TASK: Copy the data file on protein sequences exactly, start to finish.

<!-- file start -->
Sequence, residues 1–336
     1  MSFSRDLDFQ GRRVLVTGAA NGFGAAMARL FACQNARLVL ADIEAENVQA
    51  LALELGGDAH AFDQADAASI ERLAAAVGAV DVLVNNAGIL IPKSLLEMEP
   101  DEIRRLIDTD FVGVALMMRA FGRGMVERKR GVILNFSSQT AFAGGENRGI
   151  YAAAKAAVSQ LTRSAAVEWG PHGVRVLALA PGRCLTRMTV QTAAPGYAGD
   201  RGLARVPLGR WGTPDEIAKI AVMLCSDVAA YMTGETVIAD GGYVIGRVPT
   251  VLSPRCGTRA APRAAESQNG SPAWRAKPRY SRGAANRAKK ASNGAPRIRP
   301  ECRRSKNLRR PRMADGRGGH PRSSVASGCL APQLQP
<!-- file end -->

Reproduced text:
Sequence, residues 1–336
     1  MSFSRDLDFQ GRRVLVTGAA NGFGAAMARL FACQNARLVL ADIEAENVQA
    51  LALELGGDAH AFDQADAASI ERLAAAVGAV DVLVNNAGIL IPKSLLEMEP
   101  DEIRRLIDTD FVGVALMMRA FGRGMVERKR GVILNFSSQT AFAGGENRGI
   151  YAAAKAAVSQ LTRSAAVEWG PHGVRVLALA PGRCLTRMTV QTAAPGYAGD
   201  RGLARVPLGR WGTPDEIAKI AVMLCSDVAA YMTGETVIAD GGYVIGRVPT
   251  VLSPRCGTRA APRAAESQNG SPAWRAKPRY SRGAANRAKK ASNGAPRIRP
   301  ECRRSKNLRR PRMADGRGGH PRSSVASGCL APQLQP